Cycle '08: Bikes go urban
By Matthew Cole | Monday, October 13, 2008 12.24pm
In our latest roundup from the Cycle Show 08, we take a good look at urban and commuting bikes. These flat-barred machines are purpose built for getting you to where you need to go in relative comfort, without sacrificing too much speed or manoeuvrability.
We scoured the stands to see what’ll be hitting your local bike shop in the coming months, and found a healthy range to choose from. Our highlights include Cannondale’s concept Stealth bike, as well as flat bar bikes from Focus, Raleigh, Fuji and Scott.
If you haven't seen our short video on the folding bikes at the Show, have a look on last week's video of the week.
This is Cannondale’s concept Stealth bike, which won't make it into production but is interesting nonetheless. Inspired by stealth fighter jets and the Lamborghini Reventón super car, the design bods at Cannondale came up with the Stealth after they saw a lack of innovation in the urban bike market.
It’s got a single-sided fork, integrated disc brakes, integrated stem/handlebars, internal cable routing and an integrated seat collar – some features which we expect to creep into future production models of city bikes from Cannondale and other companies.
The frame is one monocoque carbon part, with the front triangle and chainstays made in the same mold. It also uses the world’s first full carbon fibre rigid Lefty fork for a road bike including disc brakes. It weighs in at 8.8kg.
Although there's a need for a disc brake on a Lefty fork, we’re not sure whether discs are of much use on city bikes. With most road tyres, you usually don't have enough tyre traction to cope with the stopping power of a disc brake. What's wrong with the v-brake?
Cannondale Bad Boy
Cannondale’s Bad Boy comes in various guises – here it’s sporting a white paint finish, Lefty fork and an Alfine hub.
Specialized’s 09 commuting/urban/road range looks impressive, and there’s something for every rider in the shape of their Globe and Tricross models.
Specialized Globe Vienna
This city commuter is set up for miles of maintenance free riding with it’s internal 8-speed Nexus rear hub. Other neat features include Body Geometry comfort grips with an integrated bell, fittings for mudguards and racks, and a comfy Body Geometry Sonoma saddle.
Ideal for the long haul to and from work, this gloss brown Tricross is set for the tarmac and the dirt with a slacker head angle and longer wheel base than traditional road bikes. Mudguard and rack fittings should help to carry office garb and to keep the crud well away, and the carbon fork should take the buzz out of the roughest roads too.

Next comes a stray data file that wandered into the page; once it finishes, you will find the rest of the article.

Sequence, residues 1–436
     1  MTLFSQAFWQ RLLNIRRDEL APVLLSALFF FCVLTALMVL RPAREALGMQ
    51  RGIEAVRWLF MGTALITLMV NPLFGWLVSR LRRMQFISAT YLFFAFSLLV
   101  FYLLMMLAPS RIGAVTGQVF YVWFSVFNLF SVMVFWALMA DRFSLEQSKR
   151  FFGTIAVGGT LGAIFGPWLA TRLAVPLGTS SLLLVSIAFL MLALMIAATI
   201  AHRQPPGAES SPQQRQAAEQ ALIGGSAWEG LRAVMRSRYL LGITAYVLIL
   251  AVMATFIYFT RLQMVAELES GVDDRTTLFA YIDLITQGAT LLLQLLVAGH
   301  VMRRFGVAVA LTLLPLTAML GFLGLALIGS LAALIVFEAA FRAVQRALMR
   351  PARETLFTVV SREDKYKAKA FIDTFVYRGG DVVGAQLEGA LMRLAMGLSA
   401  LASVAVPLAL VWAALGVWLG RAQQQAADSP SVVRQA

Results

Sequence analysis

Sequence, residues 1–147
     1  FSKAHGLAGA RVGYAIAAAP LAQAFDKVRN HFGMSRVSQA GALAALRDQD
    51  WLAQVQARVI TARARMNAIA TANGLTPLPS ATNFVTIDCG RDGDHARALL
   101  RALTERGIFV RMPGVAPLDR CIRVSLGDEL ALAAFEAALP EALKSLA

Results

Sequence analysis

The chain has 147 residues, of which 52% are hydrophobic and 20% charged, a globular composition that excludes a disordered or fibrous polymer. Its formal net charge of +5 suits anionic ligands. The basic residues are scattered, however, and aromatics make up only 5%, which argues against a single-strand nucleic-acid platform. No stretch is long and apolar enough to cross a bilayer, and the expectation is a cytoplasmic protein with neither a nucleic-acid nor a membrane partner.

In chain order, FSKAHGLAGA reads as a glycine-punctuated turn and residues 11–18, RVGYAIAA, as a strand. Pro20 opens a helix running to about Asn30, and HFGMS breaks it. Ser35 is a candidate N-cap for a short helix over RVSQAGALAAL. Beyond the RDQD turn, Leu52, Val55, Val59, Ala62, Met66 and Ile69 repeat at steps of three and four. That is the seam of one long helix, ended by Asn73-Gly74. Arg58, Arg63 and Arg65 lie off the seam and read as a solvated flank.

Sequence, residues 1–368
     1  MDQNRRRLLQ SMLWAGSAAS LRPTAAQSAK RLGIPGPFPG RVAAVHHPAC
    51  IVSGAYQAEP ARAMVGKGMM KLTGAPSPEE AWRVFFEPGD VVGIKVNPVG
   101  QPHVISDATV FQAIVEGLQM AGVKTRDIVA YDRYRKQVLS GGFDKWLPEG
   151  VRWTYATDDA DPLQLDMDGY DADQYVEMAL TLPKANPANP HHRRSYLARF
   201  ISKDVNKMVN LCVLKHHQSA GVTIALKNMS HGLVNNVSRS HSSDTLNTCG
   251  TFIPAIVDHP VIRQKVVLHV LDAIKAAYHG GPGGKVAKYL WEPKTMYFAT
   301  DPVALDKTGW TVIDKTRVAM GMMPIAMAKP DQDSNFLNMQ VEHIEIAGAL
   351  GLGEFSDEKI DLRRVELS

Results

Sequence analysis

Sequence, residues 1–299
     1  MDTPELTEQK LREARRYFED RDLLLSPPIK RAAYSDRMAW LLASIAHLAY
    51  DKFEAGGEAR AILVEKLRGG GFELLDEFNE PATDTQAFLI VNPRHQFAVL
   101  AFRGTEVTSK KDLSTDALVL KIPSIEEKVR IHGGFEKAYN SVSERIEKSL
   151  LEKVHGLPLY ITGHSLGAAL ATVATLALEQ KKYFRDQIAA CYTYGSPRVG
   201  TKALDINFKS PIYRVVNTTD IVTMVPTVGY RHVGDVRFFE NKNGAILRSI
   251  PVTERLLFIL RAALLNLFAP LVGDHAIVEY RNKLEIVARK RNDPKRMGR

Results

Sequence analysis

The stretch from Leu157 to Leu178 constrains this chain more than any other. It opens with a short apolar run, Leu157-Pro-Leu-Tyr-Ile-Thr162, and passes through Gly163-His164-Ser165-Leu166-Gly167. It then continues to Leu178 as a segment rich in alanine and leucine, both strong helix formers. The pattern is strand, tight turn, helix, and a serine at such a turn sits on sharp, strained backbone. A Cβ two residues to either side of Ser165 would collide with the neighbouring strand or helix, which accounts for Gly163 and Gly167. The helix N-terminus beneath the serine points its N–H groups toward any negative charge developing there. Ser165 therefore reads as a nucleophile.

Like the Tricross, the £899 Maleta is one for the long haul, but probably at a slower pace. The SRAM X0/X9 equipped city/touring bike comes with mudguards, rear rack and Avid Juicy disc brakes, as well as Continental’s Contact extra light tyres with reflective sidewalls for increased visibility at night. The Suntour forks (with lock out) should put paid to any potholes or towpath trash, and should cope well on the odd offroad jaunt.
This stealthy commuter is the most stripped down model in Focus’s ‘fitness bike’ selection. Priced at a reasonable £449, it’s a 6061 aluminium frame, has Shimano’s Sora groupset, Schwalbe Speed Cruiser tyres with puncture protection, and Shimano v-brake stoppers.
The Absolute 2.0 looks built for inner-city speed with its carbon fork and Shimano Deore shifting system. It’ll be on sale around the £599 mark.
The Milano Hybrid might be the choice for the commuter on a budget at £379.99, and comes fitted with rear rack and mudguards from the off.
Airnimal folding bikes are built for speed and performance, and the £999 Chameleon with its 24” wheels is built to ride as much like a conventional bike, but with the versatility of being able to fold it for travel.
The Chameleon’s potential for speed has been proven after being ridden to a bronze medal in the world triathlon championships, and Chameleons can often be seen ridden in sportives up and down the UK.
Airnimal bikes all have three levels of fold: car/train – simple fold; suitcase – takes longer, but you can fit the pieces into a suitcase; carry on luggage – break the bike down small enough to fit into a plane’s overhead locker (check with the airline before you try this though!)
Raleigh’s Parkway folding bikes are aimed at the commuter on a budget, or those who want to dip their feet into the pool of the folder. Their steel Parkway costs £169.99 while the Lite three-speed version with an aluminium frame costs £219.99.
Raleigh have used technology licensed from Dahon to build an affordable frame and component package for their Boardwalk folders, with the basic Boardwalk costing £289.99, and a Lite version with upgraded spec at £349.99.
Not strictly a piece of kit for the average city commute, the Extrawheel is touted as the "world’s lightest bicycle trailer", and can be used to lug loads of up to 30kg. Using a fully guarded full size wheel the Extrawheel attaches directly to your bike via a fastening fork, and it can be used with panniers or net holders.
Camaleonte Sport II
This aluminium framed, Shimano Deore-equipped machine from Italian bike maker Bianchi is called the Camaleonte Sport II. It's got a mixture of Shimano Alivio and Deore for the shifting, Shimano v-brakes for stopping and FSA DynaDrive chainset.
Scott Sub 20
This is the mid range model on Scott’s Sub (Speed Utility Bike) range at £599, and has Shimano Deore disc brakes, Continental Sport Contact tyres, Shimano Alivio gearing and Scott’s own brand saddle.
Another urban-bike-around-the-£400-mark, highlights on the QX75 include Shimano Deore gearing and Jagwire cable outers.
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